Trading el Franco Suizo
“The Swiss National Bank (SNB) is discontinuing the minimum exchange rate of CHF 1.20 per euro. At the same time, it is lowering the interest rate on sight deposit account balances that exceed a given exemption threshold by 0.5 percentage points, to −0.75%. It is moving the target range for the three-month Libor further into negative territory, to between –1.25% and −0.25%, from the current range of between −0.75% and 0.25%. “
Last January 15th, the Swiss National Bank (SNB) decided to withdraw its almost 3-year-old floor for the Swiss Franc, for which they were willing to buy unlimited amount of Euros in exchange of Swiss Francs. This decision was without precedents, not only because it was the main tool the Central Bank was using in order to ease financial conditions, but because of its impact in the local economy and in the financial marketplace.
During the debt crisis in Europe that initiated back in 2010, there were massive outflows from the Eurozone due to several reasons. One of them was because of fears about Greece leaving the monetary union, setting precedents that the Eurozone was a “failed” project, and potentially, opening the door to some other countries to leave the union.
Because of its geographical and financial closeness, Switzerland was one of the main receivers of those outflows, which in turn appreciated considerably the Swiss Franc. Due to its economical “openness”, a meaningful appreciation of the CHF crosses could have had negative consequences in the economy (via a loose of competitiveness in the export sector) as well as in inflation. It was particularly important for the Central Bank to intervene because apart from the direct effect of the currency appreciation, the Eurozone was just about to experiment a very bad recession.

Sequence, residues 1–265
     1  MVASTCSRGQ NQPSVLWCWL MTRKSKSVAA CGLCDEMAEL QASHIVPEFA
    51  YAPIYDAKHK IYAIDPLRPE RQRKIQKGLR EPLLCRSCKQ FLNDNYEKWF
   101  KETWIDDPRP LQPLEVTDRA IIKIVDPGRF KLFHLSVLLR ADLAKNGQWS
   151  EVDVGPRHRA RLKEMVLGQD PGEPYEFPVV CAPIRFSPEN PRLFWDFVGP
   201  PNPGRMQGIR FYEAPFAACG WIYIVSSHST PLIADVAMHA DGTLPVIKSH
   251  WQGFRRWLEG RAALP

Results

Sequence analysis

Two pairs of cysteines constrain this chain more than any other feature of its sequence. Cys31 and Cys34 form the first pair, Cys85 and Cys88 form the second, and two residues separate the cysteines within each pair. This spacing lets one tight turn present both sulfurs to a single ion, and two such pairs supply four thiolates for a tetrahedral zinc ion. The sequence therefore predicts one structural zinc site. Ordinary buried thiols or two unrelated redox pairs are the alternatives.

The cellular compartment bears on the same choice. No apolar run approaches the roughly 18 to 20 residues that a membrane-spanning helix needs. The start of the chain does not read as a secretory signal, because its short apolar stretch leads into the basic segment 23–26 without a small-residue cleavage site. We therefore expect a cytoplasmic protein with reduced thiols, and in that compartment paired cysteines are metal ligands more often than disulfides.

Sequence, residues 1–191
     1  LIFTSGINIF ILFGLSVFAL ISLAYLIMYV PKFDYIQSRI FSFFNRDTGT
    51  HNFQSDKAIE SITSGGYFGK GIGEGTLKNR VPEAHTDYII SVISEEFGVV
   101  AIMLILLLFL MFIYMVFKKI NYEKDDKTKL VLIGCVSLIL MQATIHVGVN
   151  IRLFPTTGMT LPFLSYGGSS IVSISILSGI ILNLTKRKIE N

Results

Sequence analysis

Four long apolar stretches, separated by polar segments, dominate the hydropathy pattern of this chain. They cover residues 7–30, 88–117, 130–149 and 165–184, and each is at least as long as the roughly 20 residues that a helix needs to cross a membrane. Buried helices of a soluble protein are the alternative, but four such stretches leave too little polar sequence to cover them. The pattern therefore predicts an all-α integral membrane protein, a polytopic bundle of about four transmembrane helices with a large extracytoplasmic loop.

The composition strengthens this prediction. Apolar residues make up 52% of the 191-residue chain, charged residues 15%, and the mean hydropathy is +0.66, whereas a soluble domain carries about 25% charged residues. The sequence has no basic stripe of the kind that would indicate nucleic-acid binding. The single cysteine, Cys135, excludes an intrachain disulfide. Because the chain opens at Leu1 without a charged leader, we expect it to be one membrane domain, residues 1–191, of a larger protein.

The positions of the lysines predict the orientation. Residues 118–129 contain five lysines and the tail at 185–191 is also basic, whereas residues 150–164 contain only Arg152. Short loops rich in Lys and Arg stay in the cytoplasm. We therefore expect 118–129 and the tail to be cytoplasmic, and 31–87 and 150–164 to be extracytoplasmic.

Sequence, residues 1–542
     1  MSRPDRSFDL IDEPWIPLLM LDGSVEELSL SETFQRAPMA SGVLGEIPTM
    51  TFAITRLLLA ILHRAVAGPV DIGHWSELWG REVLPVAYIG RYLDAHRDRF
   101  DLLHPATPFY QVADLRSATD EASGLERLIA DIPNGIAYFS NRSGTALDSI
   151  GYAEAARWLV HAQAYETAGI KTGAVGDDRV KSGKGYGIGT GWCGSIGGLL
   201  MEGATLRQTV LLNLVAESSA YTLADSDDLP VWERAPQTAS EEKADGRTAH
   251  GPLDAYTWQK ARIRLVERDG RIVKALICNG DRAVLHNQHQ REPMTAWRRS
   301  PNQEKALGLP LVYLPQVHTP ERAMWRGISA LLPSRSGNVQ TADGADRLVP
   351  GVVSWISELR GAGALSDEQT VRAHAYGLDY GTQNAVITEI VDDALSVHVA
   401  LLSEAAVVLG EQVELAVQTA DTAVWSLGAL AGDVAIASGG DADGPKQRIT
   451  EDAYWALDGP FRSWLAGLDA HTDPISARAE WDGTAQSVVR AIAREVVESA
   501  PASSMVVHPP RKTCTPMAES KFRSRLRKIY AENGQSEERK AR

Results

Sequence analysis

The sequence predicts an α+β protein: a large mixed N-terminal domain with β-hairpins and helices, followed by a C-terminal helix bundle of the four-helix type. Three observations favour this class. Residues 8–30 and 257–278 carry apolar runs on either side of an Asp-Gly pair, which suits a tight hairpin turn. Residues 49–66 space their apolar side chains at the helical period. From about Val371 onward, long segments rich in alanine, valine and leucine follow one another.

The situation is different from 5 years ago since this time around market participants are very aware of the situation, and consequently, positioning in the financial markets reflects that fact. On the other hand, contagion has been limited, partly due to the fact that the European Central Bank (ECB) and some other European institutions have implemented different backstops such as the ESM (European Stability Mechanism), EFSF (European Financial Stability Facility), SMP (securities markets programme), QE (Quantitative Easing) just to mention a few. Just clarifying, it would be very difficult to say beforehand that a default in Greece would not have a meaningful impact in the financial marketplace, but given market reaction to recent developments, we can conclude that it wouldn’t be a surprise.
Having said that, and because of the very high overvaluation of the Swiss Franc, it is probable that it will weaken on an effective basis (versus a basket of currencies) in the next few months. One reason that additionally supports this idea has to do with funding rates in Switzerland. Not only it is the country with the lowest interest rate in the world, but also it stands